Book Review: Snitch by Ethan Brown

Snitch. Informants, Cooperators & the Corruption of Justice is a title that has to bring a smile to a criminal defense lawyer’s face.  We certainly talk about rats enough, so  Ethan Brown’s new book,  published by Public Affairs, on one of our favorite subjects was a natural.

Ethan comes at writing from the perspective of rap culture, which made me wonder, before opening the book, what the breadth of his vision of the underbelly of the criminal justice system would be.  The prologue confirmed my fears, and served to frame Ethan’s idea of the subject matter.

The book begins with the tale of Gerry Shargel representing hip-hop impresario Irv “Gotti” Lorenzo.  My heart sunk.  This is going to be a love-fest with big time criminals, big time lawyers and the rats that ate them.

Snitch: Informants, Cooperators, and the Corruption of Justice


The book got better, however, as Ethan went into the history of legislation, and the politics surrounding it as it happened, that gave rise to mandatory minimums, sentencing guidelines, and the crack differential.  If you weren’t around in those day when Washington found a magic bullet solution for every problem, and invariably involved more crimes and more time, then this part of the book will be quite enlightening.

But the book never provides a deeper understanding of the dynamic of snitching.  There are good guys and bad snitches, which wasn’t how it happened.  For those of us who lived in the trenches through that period, and whose experience extended beyond black hip-hop to Hispanic, Chinese and white drug groups, none of whom are mentioned, this is not merely a one-dimensional vision.  It’s simply inaccurate.

It may be that some of the sources Ethan used in trying to understand how snitching came to permeate the system were more concerned in promoting themselves or their personal agenda.  Criminal defense lawyers are notoriously bad at providing honest and accurate information, since spin is in our blood.  But that’s where a journalist’s instincts should kick in, digging below the obvious personal agendas to get to the meat of the subject.  It seems as if Ethan liked his sources too much to question them, or look beneath their self-serving positions.  To use a lousy pun, it just wasn’t that black and white.

Nowhere does Ethan recognize the role that snitch lawyers played in creating the CI culture, or why defense lawyers chose to be part of the problem.  There’s no discussion of how it spiraled out of control in a dizzying, geometric decline, as more and more defendants started racing for the United States Attorney’s door.  The feel of despair caused by one defendant in a multi-defendant conspiracy retaining a rat lawyer, and the others, his erstwhile brothers in arms, first denying that he would ever flip, and then coming to terms with reality, one by one, that there was no way out.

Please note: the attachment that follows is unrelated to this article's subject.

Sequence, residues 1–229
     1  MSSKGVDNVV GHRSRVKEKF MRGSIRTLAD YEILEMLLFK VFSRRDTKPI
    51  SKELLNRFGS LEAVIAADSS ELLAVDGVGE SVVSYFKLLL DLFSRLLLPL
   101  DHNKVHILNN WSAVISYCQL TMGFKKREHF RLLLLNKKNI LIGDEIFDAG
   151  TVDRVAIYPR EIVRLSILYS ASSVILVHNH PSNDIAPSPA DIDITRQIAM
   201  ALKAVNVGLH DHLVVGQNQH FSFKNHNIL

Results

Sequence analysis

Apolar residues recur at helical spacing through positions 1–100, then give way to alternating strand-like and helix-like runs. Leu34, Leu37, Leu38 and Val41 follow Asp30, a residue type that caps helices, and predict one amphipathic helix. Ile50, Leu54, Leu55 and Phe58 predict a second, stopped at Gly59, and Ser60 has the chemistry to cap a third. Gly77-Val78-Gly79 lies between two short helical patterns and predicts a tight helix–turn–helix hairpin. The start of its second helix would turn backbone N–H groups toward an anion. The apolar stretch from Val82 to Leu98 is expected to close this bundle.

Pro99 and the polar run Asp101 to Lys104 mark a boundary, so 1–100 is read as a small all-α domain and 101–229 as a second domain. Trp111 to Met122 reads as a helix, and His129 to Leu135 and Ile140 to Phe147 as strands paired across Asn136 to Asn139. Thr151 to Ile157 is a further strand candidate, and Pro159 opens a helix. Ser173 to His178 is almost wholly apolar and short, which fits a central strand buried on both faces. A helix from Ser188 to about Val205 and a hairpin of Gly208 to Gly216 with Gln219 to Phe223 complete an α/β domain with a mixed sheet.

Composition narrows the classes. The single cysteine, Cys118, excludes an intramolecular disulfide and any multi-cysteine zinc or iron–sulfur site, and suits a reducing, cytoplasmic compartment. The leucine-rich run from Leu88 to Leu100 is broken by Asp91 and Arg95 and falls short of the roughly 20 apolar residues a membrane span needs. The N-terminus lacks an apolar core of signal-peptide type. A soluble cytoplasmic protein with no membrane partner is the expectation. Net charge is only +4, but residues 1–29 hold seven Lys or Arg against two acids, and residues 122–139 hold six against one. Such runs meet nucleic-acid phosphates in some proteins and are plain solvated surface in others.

Much of the problem is that the stories Ethan tells, while some quite interesting, tend to be geared for either the hip-hop lover or at least those who want to read about the more sensationalist cases.  Where are the chapters on conspiracies, the major weapon in the prosecutors’ arsenal?  This is where snitches wreaked the most havoc. 

Another glaring omission is the prisoners’ dilemma.  What about the people sentenced to monumental prison terms who then had to figure out a way to see daylight again by a Rule 35 motion?  They ratted inside, they talked about anyone and anything that ever happened (or didn’t happen), they had their friends do constructive cooperation outside, all to have a glimmer of hope of ever seeing the street again.  People who swore they would never snitch collapsed when facing the rest of their lives in prison.  What about these people?  Nothing.

In terms of making a point, Ethan eschewed the ordinary, everyday stuff to focus on the bling, the big names.  If his point was to capture the Us Weekly reader, then maybe this makes sense.  If his purpose is to produce a book that captures the phenomenon of snitching, it’s birth, growth and impact, then these were the wrong examples to use.